Yes Elizebeth I agree that this technology is just little far away but no one can deny that in future this wil be one of the successull technology . We can see how it is evolving and making progress day by day . What I think is that in future we wont consider this as just a simple technology because it will definitely be helping out different patients and we can say that time has come when engineers are on there ways to be doctors or helping doctors to cure the diseases :)
Well, Cabe, I think this technology is a bit of time away, but maybe by then it's when you will need it. But still I wouldn't risk your cartilage too badly! You may still need it in the future. ;) Enjoy the skateboard!
Very impressive development which holds promise for many people. I was especially intrigued by the 'novel' method of 3D printing that uses visible light. I would be interested in learning about this process further as more details emerge in the future.
This is indeed a breakthrough to find a truly effective way to treat joint problems in the future. While artificial cartilage itself can help, cartilage with human cells would be a more natural way to replace what people lose over the years, especially those with joint disease. I myself have very little cartilage left in some of my joints and can see how this would be a welcome option for treatment. It will be interesting to see how this technology evolves, and just proves how valuable and even life changing 3D printing will be.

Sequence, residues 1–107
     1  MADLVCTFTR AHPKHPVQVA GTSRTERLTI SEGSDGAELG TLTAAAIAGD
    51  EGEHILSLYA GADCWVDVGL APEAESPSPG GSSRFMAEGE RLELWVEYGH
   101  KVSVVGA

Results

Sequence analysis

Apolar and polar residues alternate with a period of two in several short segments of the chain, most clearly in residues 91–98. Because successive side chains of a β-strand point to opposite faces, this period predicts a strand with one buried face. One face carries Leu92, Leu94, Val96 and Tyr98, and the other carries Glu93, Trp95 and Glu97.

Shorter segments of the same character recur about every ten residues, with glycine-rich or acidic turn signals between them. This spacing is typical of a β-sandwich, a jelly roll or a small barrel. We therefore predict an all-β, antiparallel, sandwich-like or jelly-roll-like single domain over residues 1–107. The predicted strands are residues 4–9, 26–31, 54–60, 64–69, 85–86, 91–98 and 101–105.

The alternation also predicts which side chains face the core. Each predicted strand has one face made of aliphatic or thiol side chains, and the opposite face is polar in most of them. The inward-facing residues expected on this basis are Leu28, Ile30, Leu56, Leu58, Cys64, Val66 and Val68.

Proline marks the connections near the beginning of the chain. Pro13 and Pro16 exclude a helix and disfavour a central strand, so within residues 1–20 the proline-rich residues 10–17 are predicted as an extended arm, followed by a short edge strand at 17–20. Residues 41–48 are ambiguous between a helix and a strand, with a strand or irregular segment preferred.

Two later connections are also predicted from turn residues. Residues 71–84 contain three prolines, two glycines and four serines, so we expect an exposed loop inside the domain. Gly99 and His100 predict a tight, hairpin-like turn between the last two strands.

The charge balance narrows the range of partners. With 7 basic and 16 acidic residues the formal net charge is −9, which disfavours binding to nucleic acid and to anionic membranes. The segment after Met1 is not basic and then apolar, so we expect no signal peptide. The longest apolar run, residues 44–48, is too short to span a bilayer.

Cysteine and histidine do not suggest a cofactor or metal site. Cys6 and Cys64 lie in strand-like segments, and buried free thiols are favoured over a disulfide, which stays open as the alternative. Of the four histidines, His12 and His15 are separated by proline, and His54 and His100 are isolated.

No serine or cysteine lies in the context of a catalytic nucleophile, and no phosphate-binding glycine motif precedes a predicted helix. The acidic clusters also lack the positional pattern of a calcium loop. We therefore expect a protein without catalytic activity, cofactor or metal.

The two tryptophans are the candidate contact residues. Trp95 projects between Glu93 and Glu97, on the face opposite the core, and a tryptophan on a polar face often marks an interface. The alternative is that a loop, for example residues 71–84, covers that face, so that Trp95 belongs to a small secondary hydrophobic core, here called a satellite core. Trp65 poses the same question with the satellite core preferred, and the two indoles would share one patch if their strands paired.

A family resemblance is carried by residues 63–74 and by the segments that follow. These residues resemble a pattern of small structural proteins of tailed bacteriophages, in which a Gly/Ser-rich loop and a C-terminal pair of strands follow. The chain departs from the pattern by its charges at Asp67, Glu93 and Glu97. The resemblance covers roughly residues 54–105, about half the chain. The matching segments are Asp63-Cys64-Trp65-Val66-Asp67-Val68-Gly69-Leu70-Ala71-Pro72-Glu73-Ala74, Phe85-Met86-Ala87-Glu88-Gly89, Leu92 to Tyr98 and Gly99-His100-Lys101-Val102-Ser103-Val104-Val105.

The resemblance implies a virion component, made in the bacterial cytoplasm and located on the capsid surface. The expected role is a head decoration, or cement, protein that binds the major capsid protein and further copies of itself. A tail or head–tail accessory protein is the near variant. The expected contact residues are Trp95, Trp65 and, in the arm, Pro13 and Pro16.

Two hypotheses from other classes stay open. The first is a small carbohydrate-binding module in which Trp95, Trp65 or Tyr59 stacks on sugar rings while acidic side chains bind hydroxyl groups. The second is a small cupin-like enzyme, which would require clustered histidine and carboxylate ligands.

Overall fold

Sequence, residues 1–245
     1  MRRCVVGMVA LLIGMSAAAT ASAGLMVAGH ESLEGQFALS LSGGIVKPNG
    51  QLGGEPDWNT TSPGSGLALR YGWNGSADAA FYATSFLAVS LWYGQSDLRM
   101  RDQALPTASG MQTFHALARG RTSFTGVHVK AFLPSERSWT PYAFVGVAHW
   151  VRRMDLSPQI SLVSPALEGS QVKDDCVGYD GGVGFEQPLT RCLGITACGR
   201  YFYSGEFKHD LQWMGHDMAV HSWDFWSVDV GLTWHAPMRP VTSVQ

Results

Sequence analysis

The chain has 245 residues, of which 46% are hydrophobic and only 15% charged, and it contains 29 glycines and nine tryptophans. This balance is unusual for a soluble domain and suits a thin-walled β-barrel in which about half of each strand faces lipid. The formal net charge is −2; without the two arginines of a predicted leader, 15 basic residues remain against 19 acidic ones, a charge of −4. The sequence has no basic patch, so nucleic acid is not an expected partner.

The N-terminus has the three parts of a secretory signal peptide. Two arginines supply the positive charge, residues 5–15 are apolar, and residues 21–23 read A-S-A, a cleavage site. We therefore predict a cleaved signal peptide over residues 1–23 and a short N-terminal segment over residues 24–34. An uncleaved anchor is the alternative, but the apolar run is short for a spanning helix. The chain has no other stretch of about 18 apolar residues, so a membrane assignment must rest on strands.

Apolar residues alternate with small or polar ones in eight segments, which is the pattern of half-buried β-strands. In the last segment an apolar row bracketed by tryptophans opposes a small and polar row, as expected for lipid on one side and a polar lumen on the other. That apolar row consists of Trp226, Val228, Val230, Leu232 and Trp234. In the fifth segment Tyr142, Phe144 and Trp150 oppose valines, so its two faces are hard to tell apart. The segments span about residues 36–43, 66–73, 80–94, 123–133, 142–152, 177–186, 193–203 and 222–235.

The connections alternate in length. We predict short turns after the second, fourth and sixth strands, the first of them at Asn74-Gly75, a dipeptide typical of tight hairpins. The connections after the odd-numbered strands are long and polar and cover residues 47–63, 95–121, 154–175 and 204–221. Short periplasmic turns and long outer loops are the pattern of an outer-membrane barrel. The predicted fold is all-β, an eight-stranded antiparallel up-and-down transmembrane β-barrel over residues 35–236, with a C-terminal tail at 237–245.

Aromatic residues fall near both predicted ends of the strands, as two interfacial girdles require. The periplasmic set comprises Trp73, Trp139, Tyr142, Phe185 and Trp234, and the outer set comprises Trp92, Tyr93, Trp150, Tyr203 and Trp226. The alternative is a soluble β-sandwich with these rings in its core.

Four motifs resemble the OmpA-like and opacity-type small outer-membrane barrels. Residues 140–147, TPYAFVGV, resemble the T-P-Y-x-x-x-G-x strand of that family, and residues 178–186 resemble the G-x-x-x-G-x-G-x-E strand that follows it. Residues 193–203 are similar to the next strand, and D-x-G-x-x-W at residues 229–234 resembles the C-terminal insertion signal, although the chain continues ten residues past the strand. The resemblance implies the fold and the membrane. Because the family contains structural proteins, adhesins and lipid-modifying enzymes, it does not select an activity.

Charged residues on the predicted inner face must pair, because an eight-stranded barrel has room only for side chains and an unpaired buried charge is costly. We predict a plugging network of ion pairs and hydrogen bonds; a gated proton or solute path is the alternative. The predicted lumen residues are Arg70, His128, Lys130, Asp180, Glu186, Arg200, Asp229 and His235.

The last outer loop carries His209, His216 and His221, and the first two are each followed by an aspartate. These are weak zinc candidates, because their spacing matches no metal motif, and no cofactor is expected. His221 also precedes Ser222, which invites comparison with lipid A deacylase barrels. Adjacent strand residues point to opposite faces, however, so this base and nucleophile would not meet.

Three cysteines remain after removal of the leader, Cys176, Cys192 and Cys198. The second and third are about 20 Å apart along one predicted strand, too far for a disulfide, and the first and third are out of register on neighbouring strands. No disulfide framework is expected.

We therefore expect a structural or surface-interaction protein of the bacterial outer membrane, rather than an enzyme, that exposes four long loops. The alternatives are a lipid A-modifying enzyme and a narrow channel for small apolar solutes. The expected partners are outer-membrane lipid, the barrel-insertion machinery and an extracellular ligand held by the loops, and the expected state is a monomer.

The company says it anticipates high-definition video for home security and other uses will be the next mature technology integrated into the IoT domain, hence the introduction of its MatrixCam devkit.
Siemens and Georgia Institute of Technology are partnering to address limitations in the current additive manufacturing design-to-production chain in an applied research project as part of the federally backed America Makes program.
Most of the new 3D printers and 3D printing technologies in this crop are breaking some boundaries, whether it's build volume-per-dollar ratios, multimaterials printing techniques, or new materials types.
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